RIGHT TO RESPECT FOR PRIVATE AND FAMILY LIFE

[2019] EWCA Crim 2238
[2019] EWCA Crim 2238
CA (Crim Div) (Green LJ, Nicol J, Judge Walden-Smith)
3 December 2019

A restraining order that prohibited an offender from entering the town of Stevenage for 10 years was reasonable, necessary, and served the legitimate purpose of protecting the offender’s former partner from violence. Although restraining orders tended to focus upon specific roads or premises rather than whole towns, that did not mean that in an appropriate case a broader restriction might not be appropriate. The evaluation was always fact- and context-specific.

QBD (Admin) (Farbey J)
28 November 2019

A requested person’s extradition to Poland for fraud was disproportionate, oppressive due to the passage of time, and breached ECHR art.8. The district judge’s reasoning regarding the fact that the individual was not a fugitive had been unclear, he had erred in finding that the individual had previous convictions for fraud, and he had failed to give adequate weight to the fact that 19 years had passed since the offending.

QBD (Admin) (Stuart-Smith J)
21 November 2019

Fresh evidence submitted by a requested person did not support the conclusion that her two young children would be left homeless if she was extradited, but rather that her partner would be permitted to look after them. Accordingly, her extradition to Lithuania to face trial for the offence of possession with intent to supply class A drugs did not breach ECHR art.8.

[2019] EWCA Civ 2025
[2019] EWCA Civ 2025
CA (Civ Div) (Floyd LJ, Baker LJ, Green LJ)
21 November 2019

Although the principle that the welfare of the child was paramount did not apply to applications for an order for secure accommodation under the Children Act 1989 s.25, the court was not required to abdicate all responsibility for evaluating the impact of the proposed placement on the child’s welfare. The court was also obliged to consider whether the making of such an order was proportionate, that being one of the “relevant criteria” for deciding whether keeping a child in secure accommodation was justified. The court had to carry out its own evaluation of whether the order would safeguard and promote the child’s welfare, but the intensity of that evaluation would depend on the facts of the case.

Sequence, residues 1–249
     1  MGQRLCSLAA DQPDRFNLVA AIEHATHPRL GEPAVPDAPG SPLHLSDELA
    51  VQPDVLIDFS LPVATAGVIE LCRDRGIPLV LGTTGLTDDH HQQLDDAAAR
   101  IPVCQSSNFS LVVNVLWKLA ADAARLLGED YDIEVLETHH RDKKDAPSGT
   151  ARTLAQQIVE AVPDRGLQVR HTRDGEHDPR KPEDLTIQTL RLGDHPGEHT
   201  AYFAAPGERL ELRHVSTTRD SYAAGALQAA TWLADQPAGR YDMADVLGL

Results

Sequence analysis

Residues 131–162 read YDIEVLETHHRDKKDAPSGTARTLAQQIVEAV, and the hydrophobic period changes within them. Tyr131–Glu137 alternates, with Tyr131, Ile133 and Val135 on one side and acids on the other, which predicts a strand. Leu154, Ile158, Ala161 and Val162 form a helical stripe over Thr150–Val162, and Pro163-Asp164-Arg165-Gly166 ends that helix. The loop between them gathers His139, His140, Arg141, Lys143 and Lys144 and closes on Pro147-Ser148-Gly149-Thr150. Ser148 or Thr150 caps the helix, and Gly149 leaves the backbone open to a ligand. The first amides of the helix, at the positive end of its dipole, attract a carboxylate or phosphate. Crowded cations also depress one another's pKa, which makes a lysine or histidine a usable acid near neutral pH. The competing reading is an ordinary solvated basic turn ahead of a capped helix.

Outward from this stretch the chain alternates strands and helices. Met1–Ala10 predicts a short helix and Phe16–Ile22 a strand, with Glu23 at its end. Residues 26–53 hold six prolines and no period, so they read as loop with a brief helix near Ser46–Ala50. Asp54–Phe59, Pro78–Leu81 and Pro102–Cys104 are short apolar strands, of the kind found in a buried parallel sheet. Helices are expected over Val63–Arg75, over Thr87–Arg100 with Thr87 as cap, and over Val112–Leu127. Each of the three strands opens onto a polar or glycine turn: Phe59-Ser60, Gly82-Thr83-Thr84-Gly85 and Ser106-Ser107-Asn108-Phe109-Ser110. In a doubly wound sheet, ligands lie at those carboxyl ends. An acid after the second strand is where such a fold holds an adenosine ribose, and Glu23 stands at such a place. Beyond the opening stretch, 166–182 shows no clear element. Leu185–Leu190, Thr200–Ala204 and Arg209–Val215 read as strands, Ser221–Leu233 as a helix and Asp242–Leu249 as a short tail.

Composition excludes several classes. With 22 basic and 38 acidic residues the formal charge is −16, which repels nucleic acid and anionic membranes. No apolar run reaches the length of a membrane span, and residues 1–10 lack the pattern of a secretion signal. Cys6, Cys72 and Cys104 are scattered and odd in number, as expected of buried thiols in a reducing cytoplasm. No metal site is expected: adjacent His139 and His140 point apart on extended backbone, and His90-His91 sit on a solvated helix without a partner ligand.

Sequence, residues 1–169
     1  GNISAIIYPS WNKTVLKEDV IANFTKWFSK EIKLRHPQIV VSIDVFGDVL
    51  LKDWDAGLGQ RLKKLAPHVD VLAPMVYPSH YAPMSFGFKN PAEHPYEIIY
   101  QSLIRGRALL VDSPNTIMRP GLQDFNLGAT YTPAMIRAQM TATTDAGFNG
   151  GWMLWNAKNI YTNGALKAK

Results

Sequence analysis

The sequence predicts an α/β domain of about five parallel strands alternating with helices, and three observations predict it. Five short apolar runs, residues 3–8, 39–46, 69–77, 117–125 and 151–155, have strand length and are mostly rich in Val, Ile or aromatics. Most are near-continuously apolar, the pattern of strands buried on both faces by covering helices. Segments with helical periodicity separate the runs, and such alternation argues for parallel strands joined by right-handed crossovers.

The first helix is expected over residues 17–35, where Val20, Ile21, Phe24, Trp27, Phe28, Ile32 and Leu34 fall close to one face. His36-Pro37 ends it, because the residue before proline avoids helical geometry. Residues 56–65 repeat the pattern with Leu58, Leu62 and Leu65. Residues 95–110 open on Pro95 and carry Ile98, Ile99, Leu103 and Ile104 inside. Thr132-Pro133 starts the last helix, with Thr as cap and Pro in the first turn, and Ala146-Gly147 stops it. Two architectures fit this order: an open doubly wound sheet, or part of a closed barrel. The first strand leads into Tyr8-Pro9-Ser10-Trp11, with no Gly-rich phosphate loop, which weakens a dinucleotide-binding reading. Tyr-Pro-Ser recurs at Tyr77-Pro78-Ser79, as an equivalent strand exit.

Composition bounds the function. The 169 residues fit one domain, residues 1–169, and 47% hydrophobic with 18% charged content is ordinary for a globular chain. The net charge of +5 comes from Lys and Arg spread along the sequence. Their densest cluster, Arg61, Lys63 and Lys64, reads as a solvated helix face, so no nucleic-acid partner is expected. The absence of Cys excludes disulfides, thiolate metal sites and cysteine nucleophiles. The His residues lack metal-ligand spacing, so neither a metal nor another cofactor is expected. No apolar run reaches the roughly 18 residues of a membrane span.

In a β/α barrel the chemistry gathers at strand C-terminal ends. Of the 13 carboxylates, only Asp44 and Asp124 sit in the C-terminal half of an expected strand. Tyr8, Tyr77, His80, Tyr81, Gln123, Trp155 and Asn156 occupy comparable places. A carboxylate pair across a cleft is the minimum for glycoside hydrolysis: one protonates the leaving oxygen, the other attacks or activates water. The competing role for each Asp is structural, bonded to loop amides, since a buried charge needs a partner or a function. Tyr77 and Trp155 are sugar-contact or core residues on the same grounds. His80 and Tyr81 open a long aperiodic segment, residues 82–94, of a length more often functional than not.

[2019] EWHC 3123 (Admin)
[2019] EWHC 3123 (Admin)
DC (Hickinbottom LJ, Johnson J)
20 November 2019

It had been lawful for the Secretary of State for the Home Department to add r.7(1A) to the Prison Rules 1999, which removed his own power to transfer life prisoners to open conditions if they were subject to a deportation order in respect of which they had no extant right to appeal. Treating such prisoners who, at the end of their period of detention, were inherently unlikely to resettle in UK communities, differently from other prisoners, by not affording them an opportunity to be transferred to open conditions or enjoy release on temporary licence, was not a manifestly disproportionate means of pursuing the legitimate aim of prioritising the other prisoners who were likely to resettle in UK communities.

[2019] NIQB 89
[2019] NIQB 89
QBD (NI) (Keegan J)
14 October 2019

The court considered whether the policy of the Police Service of Northern Ireland to review and retain a disruption notice breached the ECHR art.8. On analysis of the policy documentation, the retention period for the notice was 100 years or until the applicant turned 100, with no possibility of review and that breached the applicant’s Convention rights.

[2019] EWHC 2341 (Admin)
[2019] EWHC 2341 (Admin)
QBD (Admin) (Haddon-Cave LJ, Swift J)
4 September 2019

The current legal regime in the UK was adequate to ensure the appropriate and non-arbitrary use of automated facial recognition technology. A police force’s use of such technology in a pilot scheme was consistent with the requirements of human rights and data protection legislation and the public-sector equality duty.

[2019] NIQB 75
[2019] NIQB 75
QBD (NI) (Colton J)
9 August 2019

The police exercise of stop and search powers under the Justice and Security (Northern Ireland) Act 2007 s.21 and s.24 was lawful in its application to minors. There were sufficient safeguards, including the Code of Practice for the Exercise of Powers in the Justice and Security (Northern Ireland) Act 2007, introduced under s.34(4) of the Act, to meet the “quality of law” test for interference with the rights of minors under ECHR art.8.

[2019] EWHC 2062 (Admin)
[2019] EWHC 2062 (Admin)
DC (Rafferty LJ, Garnham J)
29 July 2019

An individual charged with offences in France, who had been permitted to return to the Netherlands before her conviction and sentence were issued, was not a fugitive under the Extradition Act 2003 s.14. She had not knowingly placed herself beyond the reach of French justice; she had already been beyond its reach. She was therefore permitted to rely on delay by France in seeking her extradition.

[2019] EWHC 2342 (QB)
[2019] EWHC 2342 (QB)
QBD (Judge Saggerson)
2 August 2019

A failure by police officers to recognise that a detainee who had been arrested on suspicion of driving whilst under the influence of drugs had suffered a stroke, and delay in the attendance of a forensic medical examiner, did not constitute a violation of the detainee’s rights under ECHR art.3 and art.8. The officers had neither actual nor constructive knowledge that the detainee had had a stroke or was otherwise in need of immediate medical attention, and the system devised and implemented for attendance of an FME was adequate.

Scroll to top